Brendan Dassey – he needs to be pardoned, plain and simple.  Unlike his uncle, who could have learned things in jail, he’d have committed more errors had be been involved in any way, which would have been more non-circumstantial evidence.  You bullied a kid into a confession of a crime he was too dumb at the time to commit – congratulations Wisconsin!  This is easily the biggest mistake made in this case.

Officers Lenk and Colbern – The one thing you have to remember about police officers is that they’re human- they’re not machines, incapable of thought or emotion.  As such, of all of the people involved with the case, these two are the ones with the biggest reason to not only to frame Steven Avery but to also kill Teresa Halbach.  How is it these two were the first involved and the ones to find what others did not?  Especially  when they called the Calumet Police Department to keep Manitowoc out of it?  Especially when one of them was involved with the 1985 rape case Avery was later acquitted of?

Here are two guys who, due to their training, would know the kinds of things investigators would look for, and likely would also know how to get it there.  Because of the area, one or both may be hunters – meaning they might now how to kill her without leaving either a body or a mess.  (This goes double if they also have military experience – as was stated at the top, I’ve not investigated too far beyond the sources listed above.)  Unlike the Averies, they didn’t have reason to be near the property prior to Halbachs disappearance – all the more reason why they look suspicious to me.

While they have all of the reasons to kill Teresa – a good-looking, healthy woman who’d attract a lot of attention if gone as well as a sharp contrast to the man suing them for millions of dollars based on their wrongful actions – and all of the know-how, they’d also be the hardest to convict for anything more than perjury:  All of that knowledge in planting the evidence would also equate to the same knowledge needed to get rid of their evidence.  Any useful evidence that would have proved their guilt was likely washed away by time, if not destroyed along the way.

At minimum, these two will be the best sources of evidence to get Avery his new trial, and at minimum, these two should be put on trial for their actions in both cases:  These men are definitely guilty of something, and there should be no reason to plant evidence on a guilty man.  The best theory I have is that they’re the active part of a conspiracy with other players of the lawsuit brought against MPD and its former sheriff and prosecutor, and likely the only ones you’ll find said evidence.

Scott Tadych and Teresa’s roommate – I did read in one blog post a couple of days back of their possible roles in her death.  While an argument could be for either one of them in motive and questions/knowledge, I doubt you’ll find much evidence if they were involved based on the time invested in investigating either one during or since the case.  If they did it, the easiest way you’ll get it is to beat it physically out of them – not useful to free an innocent man.

Ken Kranz – I’m mentioning him because of the conspiracy theory I threw out there with the officers earlier.  Unfortunately, as much of an asshole as I think he is,  I don’t think he’s involved in any real way to any conspiracy:  He’s too loud and too convenient to be, unfortunately.  Yes, I think he took some risks and did some things that are worth questioning separately (along with the other investigators) – but like Avery, if he were guilty of anything involving a conspiracy to frame or murder, if  he were involved he’d have slipped up by admitting something by now.  (The case is too big for him to keep his mouth shut – as is evident by all of the negative press he’s been giving for the documentary series now, years after being kicked out of his prosecution job.)  You won’t find evidence or motive for killing Teresa or framing Avery, and the worst you might find him guilty of is prosecutorial misconduct.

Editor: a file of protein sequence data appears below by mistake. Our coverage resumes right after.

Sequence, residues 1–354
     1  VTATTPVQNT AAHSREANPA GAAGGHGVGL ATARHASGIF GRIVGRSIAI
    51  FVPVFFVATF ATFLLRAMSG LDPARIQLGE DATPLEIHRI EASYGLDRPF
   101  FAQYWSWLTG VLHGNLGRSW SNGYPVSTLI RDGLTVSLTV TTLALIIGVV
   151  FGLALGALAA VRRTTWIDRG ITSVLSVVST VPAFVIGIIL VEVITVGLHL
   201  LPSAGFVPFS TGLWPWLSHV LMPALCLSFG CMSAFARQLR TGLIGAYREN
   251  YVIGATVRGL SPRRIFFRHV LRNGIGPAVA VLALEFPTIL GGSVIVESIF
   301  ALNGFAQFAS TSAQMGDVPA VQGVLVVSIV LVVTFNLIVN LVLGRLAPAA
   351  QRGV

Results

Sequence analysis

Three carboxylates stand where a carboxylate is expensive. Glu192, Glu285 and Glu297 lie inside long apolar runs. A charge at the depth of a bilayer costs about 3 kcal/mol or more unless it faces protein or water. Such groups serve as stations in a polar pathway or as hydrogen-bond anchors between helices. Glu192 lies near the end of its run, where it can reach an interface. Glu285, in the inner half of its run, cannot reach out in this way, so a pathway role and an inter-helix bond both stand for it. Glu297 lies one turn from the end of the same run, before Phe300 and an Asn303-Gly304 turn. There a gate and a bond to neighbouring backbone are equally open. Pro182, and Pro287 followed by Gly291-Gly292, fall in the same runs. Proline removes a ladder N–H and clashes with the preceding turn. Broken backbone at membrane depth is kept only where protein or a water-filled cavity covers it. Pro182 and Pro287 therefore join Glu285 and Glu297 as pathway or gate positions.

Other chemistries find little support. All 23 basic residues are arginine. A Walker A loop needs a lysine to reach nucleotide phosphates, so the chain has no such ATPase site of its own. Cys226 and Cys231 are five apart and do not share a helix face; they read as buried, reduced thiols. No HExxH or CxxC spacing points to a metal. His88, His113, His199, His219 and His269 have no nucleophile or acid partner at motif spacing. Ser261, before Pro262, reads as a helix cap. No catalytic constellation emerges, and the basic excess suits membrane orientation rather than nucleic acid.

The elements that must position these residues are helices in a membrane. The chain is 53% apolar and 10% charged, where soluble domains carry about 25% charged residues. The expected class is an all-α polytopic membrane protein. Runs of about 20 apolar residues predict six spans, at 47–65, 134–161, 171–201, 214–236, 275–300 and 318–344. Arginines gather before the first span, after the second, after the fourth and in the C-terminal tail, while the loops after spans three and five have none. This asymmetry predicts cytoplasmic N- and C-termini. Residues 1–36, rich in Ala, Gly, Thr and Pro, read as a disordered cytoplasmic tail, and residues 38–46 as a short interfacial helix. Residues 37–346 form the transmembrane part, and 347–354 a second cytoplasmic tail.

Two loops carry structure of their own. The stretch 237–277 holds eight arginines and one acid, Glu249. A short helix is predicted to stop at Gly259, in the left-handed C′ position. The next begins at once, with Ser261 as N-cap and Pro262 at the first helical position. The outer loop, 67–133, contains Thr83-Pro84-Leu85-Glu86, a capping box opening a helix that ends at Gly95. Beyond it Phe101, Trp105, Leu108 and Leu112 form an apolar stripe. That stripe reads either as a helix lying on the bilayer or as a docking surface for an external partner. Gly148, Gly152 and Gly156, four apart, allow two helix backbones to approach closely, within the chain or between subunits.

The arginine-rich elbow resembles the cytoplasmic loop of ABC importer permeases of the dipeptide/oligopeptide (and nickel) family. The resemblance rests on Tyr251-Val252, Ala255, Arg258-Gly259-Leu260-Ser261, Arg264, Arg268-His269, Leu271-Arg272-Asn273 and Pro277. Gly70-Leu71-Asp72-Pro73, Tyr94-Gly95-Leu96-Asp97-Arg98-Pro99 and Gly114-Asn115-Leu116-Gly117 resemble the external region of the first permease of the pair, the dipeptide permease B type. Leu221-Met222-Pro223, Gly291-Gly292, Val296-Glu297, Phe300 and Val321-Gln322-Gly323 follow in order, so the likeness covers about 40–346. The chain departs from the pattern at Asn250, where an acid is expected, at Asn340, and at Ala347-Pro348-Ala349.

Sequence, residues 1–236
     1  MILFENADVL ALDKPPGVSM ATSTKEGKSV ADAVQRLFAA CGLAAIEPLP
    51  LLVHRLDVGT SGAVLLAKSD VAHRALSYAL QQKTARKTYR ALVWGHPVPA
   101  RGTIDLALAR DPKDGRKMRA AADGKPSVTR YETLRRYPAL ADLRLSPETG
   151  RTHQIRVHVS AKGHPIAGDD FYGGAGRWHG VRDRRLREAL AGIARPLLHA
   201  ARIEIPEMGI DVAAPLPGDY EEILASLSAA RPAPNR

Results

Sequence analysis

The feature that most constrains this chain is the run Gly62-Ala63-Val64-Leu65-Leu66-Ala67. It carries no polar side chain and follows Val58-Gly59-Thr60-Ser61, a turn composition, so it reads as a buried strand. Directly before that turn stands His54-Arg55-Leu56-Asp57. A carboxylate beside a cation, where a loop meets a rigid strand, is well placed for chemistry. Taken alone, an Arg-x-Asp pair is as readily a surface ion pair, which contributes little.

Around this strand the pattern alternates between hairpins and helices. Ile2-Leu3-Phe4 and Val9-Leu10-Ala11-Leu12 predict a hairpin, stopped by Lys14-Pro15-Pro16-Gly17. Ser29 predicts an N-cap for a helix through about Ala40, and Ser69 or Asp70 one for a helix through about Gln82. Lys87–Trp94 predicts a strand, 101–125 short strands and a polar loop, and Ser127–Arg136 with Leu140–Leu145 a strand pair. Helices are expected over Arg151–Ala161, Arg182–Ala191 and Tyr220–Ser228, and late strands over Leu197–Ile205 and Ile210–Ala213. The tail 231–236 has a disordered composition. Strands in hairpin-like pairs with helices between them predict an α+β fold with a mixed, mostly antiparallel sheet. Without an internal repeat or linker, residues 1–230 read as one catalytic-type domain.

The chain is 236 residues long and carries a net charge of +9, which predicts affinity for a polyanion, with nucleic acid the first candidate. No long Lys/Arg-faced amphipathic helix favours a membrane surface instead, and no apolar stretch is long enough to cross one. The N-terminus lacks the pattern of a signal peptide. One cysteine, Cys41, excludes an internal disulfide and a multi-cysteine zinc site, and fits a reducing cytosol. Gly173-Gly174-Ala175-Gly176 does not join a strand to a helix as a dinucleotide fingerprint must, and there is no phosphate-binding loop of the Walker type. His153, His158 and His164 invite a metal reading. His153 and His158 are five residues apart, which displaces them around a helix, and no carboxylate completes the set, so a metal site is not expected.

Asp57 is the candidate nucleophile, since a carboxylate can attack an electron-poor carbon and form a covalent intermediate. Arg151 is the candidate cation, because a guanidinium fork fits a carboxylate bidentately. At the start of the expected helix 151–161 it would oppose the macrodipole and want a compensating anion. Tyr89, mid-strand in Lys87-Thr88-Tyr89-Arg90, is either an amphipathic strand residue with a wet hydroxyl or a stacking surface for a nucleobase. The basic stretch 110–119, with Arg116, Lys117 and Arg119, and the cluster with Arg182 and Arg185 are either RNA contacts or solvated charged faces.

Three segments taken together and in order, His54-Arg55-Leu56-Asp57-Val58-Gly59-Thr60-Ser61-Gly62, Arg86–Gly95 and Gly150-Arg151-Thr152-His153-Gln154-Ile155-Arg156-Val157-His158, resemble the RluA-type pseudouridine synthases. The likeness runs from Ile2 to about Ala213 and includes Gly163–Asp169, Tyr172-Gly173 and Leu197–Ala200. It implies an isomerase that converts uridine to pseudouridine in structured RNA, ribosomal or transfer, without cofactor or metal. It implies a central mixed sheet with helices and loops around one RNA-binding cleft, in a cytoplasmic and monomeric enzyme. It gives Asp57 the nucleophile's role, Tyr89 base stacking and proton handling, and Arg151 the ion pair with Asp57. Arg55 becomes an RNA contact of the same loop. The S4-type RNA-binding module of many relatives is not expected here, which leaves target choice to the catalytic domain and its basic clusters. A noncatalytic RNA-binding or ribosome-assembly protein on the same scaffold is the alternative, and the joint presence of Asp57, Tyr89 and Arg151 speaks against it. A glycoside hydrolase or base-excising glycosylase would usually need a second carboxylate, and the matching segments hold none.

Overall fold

The Happy Theory

One thought my girlfriend and I are split on is the possibility of the police murdering Teresa:  while we can agree on their involvement in framing Avery, she can’t allow herself to see them as killers.  One possibility we can agree upon, were the police involved beyond framing Avery, is that Teresa is alive.  The likelihood of this is slim to none due to the variables involved, but it goes back to the lack of blood Avery’s defense kept pointing out:  what if the reason there’s no blood found was because no one died in the first place?  How much would it cost to make someone disappear for the rest of their lives without killing them?  What if Teresa is still alive, either stuck someplace where she’s unable to contact anyone or paid off with enough to never contact her family again while Avery’s alive?  This would explain the lack of physical evidence and blood on anything but a few objects, and probably far cheaper than the $36 million Avery was seeking in his lawsuit.

Again, this is unlikely, BUT given what evidence was presented in the documentary, it’s possible.

To the Halbachs, and the police

One thing that won’t change even if Avery is found innocent is the pain the Halbachs are experiencing, not just with Teresa’s disappearance, but with everything in the legal system since.  While I wish my last theory was what happened, Teresa doesn’t strike me as the type of person who’d stay silent for this long, willing or otherwise.  I apologize for any pain this article may cause, but I also hope it leads people in directions that bring permanent closure to this issue to them.